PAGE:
So what am I really saying? That leaders have to have messed up childhoods?
No bro. It just is what it is. And if you’re gonna blossom into a leader, it’s probably all right.
2. From Odd Duck to Captain--Decision Time
I got this job when I was 17 and a half, as a lot attendant in a car dealership, just to pay band rent and buy symbols and drum sticks--'cause you go through a lot of drum sticks when you hit as hard as I did on the drums. And I came from a background where showing up on time and working hard and giving people more than they paid you for was essential. So even though I was in a band, and I had long hair, and if you saw me from across the street, you might think I didn't have a work ethic--I worked very hard, as that lot attendant.
So, in spite of my weirdness, it didn't take long before I was in charge of all the other lot attendants. And then, I was anointed manager of the detailers, too. And then, they started coming to me and asking me if they could leave early. I didn’t know how to be a mean boss yet, so all of a sudden, somehow, in my great calculation of how this was gonna work out, I was the only one there, with all these cars to pull up for the customers...
So I learned quickly I’d need to be more demanding. Everybody in the wash rack was my friend before all this--and now, all of a sudden, I was a friend, but I was also a boss. And I remember, very distinctly, a couple weeks in, deciding that I was gonna be the boss and do the right thing by the company, not by my friends, because it was affecting me the most. If there wasn't order and I didn't have rules and I didn't make people show up on time and stay all day and do what they were supposed to do, it made my life miserable, and it wasn't scalable or effective.
Now, all of sudden, there was this juggle to do--I was their peer one day, and their boss the next.
That's my first memory of understanding what leadership really was, 'cause I had to go against all of my friends and make a decision to be in charge.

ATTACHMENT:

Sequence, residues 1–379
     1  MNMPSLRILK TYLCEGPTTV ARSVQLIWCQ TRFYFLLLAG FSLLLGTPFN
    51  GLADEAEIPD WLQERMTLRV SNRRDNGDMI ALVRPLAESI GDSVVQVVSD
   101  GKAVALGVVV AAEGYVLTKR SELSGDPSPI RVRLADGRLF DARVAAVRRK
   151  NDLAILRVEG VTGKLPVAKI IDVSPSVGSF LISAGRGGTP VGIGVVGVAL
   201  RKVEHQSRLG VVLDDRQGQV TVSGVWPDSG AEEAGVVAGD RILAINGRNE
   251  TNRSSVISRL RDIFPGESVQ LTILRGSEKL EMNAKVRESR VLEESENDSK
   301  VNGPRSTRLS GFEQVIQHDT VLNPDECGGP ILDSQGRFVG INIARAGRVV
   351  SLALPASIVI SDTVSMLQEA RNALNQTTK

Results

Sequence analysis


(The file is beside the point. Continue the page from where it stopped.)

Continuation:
So what was BigMike’s first memory of understanding leadership?
Weird bear love evolved into Cub Scouts--doing projects and having teams.
But when he was 19, he started a business called Turf Pro. He fertilized grass, like ChemLawn did, and made the grass green, killed the weeds, and killed all the fungus at the same time. He had some friends from high school who wanted sales jobs, so BigMike gave some jobs to them.
And just like me, he quickly realized that he was now in charge--the relationships had to change.
So even though we were natural leaders, leadership was ultimately a decision. And it was a HUGE decision, because we were betraying our friends in order to reinvent ourselves.
So you can't really blame the people below you, or the people that are reporting to you. Once you choose to be a leader, the ultimate outcome is your responsibility. You have to take ownership, once and for all.
One of the things that you must do to be a Great Leader is completely own that role. Whatever you’re leading, it's your baby, your house.
Choosing to lead is serious business. Like our chats, there’ nothing light about it.
3. Dead Serious
I highly recommend Jocko’s book Extreme Ownership. The biggest takeaway is that, in business, people die if you don't take it seriously. And, as a leader, owning the end result is all up to you. So that result better be life for your business, and your people.
That’s the Navy Seal way. But it applies to anything you might do.